Ten days after the Memorial Day storm, Lake Country Power members and line crews are facing the aftermath of yet another severe thunderstorm. The fast-moving storm brought damaging winds, heavy rain and lightning starting at 9:00 p.m. Monday evening, June 20. Broken poles and downed lines are being reported, along with difficult road access from fallen trees.
Line crews started working shortly after 9:00 p.m. last night and will work a straight 24-hour shift to make repairs. Overnight, crews restored service for 5,900 members. As of 9:00 a.m., Tuesday morning, 10,800 members are currently without power.
All available line crews are working, including the cooperative’s internal construction and tree crews. Lake States Construction is assisting near Cohasset and Mountain Iron.
“The damage is widespread and restoration work will most likely be lengthy for some areas,” said Derek Howe, P.E., chief operating officer. “It could be Thursday of this week before full restoration is able to happen if we don’t experience any unforeseen setbacks.”
After the first 24-hour shift, crews will work on a rotating schedule with 16-hour shifts starting Wednesday morning. Lake Country Power is keeping personnel working 24-hours around the clock as safety is paramount.
Recapping the Storm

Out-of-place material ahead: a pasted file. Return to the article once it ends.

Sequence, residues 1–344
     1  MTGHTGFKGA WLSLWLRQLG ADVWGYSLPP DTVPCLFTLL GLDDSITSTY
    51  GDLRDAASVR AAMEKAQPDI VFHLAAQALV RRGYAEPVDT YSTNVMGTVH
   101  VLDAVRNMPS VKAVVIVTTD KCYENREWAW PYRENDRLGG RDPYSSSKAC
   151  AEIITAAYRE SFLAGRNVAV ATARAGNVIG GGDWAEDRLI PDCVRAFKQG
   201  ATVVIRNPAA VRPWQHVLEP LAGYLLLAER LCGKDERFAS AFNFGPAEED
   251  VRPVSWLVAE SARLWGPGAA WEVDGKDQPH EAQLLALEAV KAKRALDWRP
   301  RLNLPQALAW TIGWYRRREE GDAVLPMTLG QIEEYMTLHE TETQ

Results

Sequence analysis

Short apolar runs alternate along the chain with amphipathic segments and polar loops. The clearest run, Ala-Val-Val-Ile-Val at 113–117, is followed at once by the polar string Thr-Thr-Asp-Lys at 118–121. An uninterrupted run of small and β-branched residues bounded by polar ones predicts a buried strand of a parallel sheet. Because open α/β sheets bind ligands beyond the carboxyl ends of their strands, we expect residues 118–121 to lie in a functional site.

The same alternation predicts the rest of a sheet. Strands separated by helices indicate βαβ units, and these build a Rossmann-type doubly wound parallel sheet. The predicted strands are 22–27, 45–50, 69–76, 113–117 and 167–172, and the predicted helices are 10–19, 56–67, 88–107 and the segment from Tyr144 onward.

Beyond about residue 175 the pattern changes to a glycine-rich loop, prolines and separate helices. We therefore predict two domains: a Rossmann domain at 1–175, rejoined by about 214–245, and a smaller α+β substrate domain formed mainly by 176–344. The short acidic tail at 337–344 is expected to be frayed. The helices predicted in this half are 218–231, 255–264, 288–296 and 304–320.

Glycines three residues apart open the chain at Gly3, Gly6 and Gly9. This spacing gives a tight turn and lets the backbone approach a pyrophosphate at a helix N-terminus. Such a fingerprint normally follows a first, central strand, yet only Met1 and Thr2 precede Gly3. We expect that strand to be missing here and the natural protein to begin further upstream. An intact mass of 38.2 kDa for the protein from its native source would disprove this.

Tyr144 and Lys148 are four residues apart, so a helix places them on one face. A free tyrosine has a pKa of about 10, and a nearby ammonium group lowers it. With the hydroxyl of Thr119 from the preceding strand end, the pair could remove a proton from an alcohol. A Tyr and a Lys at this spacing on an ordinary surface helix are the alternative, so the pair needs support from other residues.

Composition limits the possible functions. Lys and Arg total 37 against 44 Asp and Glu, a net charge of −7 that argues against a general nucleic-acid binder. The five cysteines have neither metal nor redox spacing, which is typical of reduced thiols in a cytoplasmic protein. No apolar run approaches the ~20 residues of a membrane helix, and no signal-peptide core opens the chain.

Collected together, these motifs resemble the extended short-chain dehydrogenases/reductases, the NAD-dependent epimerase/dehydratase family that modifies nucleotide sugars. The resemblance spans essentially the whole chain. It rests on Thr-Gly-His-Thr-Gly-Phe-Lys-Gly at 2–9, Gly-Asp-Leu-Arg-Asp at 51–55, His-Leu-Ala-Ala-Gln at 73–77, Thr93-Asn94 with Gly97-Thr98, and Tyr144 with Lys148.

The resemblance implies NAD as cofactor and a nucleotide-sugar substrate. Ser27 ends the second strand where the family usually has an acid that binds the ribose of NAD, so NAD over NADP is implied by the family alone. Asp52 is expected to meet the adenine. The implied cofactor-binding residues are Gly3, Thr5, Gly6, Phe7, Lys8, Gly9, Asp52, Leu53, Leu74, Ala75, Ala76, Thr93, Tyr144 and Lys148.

When the storm first reached the co-op’s service area just after 9:00 p.m. Monday night, more than 4,000 co-op members near Leech Lake, Lake Winnibigoshish, Big Sandy Lake, Remer, Deer River, Boy River, Cohasset and north of Grand Rapids were impacted.
The numbers quickly grew to 7,000 members being affected as the storm moved northeast across Side Lake, Cook, Lake Vermilion and Ely. Additional outages were reported in the southern locations of Lake Country Power’s service area near McGregor.
By 11:30 p.m. Monday night, more than 16,800 Lake Country Power members were without service at the height of the storm, represented by 330 scattered outages for crews to repair.
Members who rely on household generators for backup power should take caution. Be sure the generator was installed properly, preferably by a qualified electrician. Otherwise, back feeding of electricity on the powerlines may occur, causing injury or even death to unsuspecting line workers.
Lake Country Power, www.lakecountrypower.coop, is a Touchstone Energy® cooperative serving parts of eight counties in northeastern Minnesota. The rural electric cooperative provides services to more than 43,000 members and has offices located in Cohasset, Kettle River and Mountain Iron.
Tips for extended outages:
Make sure one of the phones in your home is not a cordless phone as these require electricity to charge, but also have a mobile phone for backup and charge it in your vehicle, if necessary.
Use a battery powered flashlight, not candles.
Keep a battery operated radio handy to listen for outage information and updates
Turn off electrical equipment you were using before the power went out
Keep refrigerator and freezer doors closed. Food should keep for up to 48 hours in a freezer, if the door remains closed. If the outage persists, cover your refrigerator or freezer with a blanket, make arrangements to store food at another location, or purchase dry ice.
Drink plenty of fluids to stay hydrated.
Essential supplies: flashlight, batteries, radio, extra supply of water, food.
Turn off and unplug your computer if you were using it. Buy a surge protector to protect the machine when power comes back on.
Keep extra water on hand in jugs or the bathroom tub for flushing the toilet as needed.